Analysis of Keats 'Ode to Autumn'

Topics: John Keats, Poetry, Stanza Pages: 3 (828 words) Published: February 19, 2012
‘To Autumn’ Analysis

‘To Autumn’ is a caricature of the Autumnal season written by John Keats around 1820. Keat’s direct address, and thus his personification of Autumn is evident through the use of the direct determiner ‘To’ which resembles the conventional opening sequence of a letter. From the personification of Autumn, we can denote that ‘she’ is the intended audience, and that we are merely onlookers to Keat’s celebration. The purpose of the piece is to eulogize the season, exploring most illustriously its prosperity, tranquility and beauty.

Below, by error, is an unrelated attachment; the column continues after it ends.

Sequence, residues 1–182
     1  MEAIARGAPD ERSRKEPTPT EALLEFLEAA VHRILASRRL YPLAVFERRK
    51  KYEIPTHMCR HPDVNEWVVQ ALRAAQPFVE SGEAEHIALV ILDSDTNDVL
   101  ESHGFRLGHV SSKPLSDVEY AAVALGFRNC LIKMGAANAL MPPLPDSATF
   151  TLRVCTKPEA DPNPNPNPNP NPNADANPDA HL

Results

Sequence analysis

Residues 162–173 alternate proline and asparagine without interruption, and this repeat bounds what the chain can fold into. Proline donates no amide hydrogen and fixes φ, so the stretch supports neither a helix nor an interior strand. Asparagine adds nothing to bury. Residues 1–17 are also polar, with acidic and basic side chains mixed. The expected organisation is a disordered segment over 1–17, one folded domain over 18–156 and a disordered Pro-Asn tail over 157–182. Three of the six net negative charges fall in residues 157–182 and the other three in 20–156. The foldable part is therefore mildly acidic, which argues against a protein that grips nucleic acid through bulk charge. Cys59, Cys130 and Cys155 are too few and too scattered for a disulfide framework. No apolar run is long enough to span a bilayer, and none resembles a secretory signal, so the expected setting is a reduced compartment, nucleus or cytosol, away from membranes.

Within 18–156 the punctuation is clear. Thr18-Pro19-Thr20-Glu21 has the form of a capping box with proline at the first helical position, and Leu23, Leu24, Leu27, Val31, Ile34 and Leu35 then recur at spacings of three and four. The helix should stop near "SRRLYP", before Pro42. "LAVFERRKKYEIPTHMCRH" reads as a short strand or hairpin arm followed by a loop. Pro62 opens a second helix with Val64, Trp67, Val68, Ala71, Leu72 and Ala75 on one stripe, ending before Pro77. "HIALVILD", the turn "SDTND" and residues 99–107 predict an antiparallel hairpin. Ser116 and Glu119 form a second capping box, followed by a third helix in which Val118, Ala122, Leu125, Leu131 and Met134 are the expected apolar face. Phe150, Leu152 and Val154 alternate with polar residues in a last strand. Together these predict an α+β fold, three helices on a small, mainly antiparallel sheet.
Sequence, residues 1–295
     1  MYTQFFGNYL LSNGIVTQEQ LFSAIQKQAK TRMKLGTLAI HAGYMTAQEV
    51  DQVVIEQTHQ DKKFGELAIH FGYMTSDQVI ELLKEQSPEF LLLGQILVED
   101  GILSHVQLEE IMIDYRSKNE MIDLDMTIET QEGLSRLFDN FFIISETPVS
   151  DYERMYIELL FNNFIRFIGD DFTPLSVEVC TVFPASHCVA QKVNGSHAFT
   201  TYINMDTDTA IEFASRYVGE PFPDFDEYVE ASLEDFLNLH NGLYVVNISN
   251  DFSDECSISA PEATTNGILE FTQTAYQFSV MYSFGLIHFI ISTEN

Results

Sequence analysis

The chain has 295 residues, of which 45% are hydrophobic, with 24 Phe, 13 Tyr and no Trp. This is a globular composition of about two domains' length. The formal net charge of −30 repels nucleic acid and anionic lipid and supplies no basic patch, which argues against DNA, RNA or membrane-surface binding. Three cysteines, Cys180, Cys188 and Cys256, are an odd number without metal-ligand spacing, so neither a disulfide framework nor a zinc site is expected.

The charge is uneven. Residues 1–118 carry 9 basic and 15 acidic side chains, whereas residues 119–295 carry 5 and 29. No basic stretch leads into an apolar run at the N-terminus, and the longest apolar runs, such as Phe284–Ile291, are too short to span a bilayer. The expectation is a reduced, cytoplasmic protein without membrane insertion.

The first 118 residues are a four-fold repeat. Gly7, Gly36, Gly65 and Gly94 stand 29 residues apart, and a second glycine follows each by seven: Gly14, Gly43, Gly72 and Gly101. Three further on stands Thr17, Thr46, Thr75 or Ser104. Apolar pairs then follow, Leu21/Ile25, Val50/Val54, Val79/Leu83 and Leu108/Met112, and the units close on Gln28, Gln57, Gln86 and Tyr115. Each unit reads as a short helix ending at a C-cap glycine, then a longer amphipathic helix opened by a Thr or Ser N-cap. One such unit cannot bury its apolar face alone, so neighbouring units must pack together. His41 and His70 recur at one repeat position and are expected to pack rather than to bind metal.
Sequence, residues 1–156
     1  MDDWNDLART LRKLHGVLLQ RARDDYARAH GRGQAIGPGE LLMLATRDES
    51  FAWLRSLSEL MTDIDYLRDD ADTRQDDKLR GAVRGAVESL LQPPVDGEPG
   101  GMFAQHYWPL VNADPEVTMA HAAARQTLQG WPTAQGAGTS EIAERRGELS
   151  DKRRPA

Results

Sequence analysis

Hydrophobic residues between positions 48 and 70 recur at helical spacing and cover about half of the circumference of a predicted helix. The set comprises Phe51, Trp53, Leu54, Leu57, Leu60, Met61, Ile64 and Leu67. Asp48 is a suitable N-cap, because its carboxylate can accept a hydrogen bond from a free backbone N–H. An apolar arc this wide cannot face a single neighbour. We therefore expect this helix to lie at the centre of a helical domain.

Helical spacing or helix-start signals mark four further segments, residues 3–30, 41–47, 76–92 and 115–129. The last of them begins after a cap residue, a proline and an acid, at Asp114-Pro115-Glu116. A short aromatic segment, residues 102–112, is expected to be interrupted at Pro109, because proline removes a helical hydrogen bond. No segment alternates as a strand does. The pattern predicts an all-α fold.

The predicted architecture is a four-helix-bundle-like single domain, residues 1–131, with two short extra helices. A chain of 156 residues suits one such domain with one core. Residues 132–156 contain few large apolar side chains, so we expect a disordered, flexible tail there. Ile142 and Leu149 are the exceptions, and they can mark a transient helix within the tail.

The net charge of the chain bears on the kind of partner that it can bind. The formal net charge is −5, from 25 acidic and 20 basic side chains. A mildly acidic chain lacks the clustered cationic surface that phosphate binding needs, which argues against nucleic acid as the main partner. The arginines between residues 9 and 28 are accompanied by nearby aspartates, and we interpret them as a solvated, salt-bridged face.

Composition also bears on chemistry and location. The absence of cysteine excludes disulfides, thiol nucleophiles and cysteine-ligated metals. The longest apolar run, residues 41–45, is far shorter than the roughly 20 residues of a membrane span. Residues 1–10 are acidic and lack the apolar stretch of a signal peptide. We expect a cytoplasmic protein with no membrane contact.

The opening line ‘Season of mists and mellow fruitfulness’ immediately helps to convey a sense of setting through the use of imagery. The reader feels as thought they can see the mist and feel the smooth surface of the fruit. This is achieved using the collective concrete noun ‘...mists...’ alliterated with the premodifying adjective ‘...mellow...‘ to create imagery by appealing to the readers sense of touch and sight. The softness and tenderness of the imagery is enhanced by ‘...mists...fruitfulness’ where the ending morphemes are sibilant. ‘Close bosom-friend of the maturing sun‘ suggests the intensity of their relationship, whilst personifying the sun. Keats lexical choice of the continuous active adjective ‘...maturing...’ furthers this effect by implying that the skin is ‘ageing, and that the sun will soon cease to be. A sad atmosphere is created through the connotations of death through keats diction, however this is lifted by the intrigue created in line 3. Keats juxtaposes the connotations of ‘Conspiring...’ with connotations of danger, trickery, and deceit with the positive connotations of ‘...load and bless...’ Arguably, line four features enjambment ‘...the thatch-eves run;...‘ as the semicolon provides additional details. However Keats manipulation of rhyme and metre present an ABABC rhyming scheme in the first 5 lines, and therefore it is not assumed enjambement. The extent of the harvest to which...
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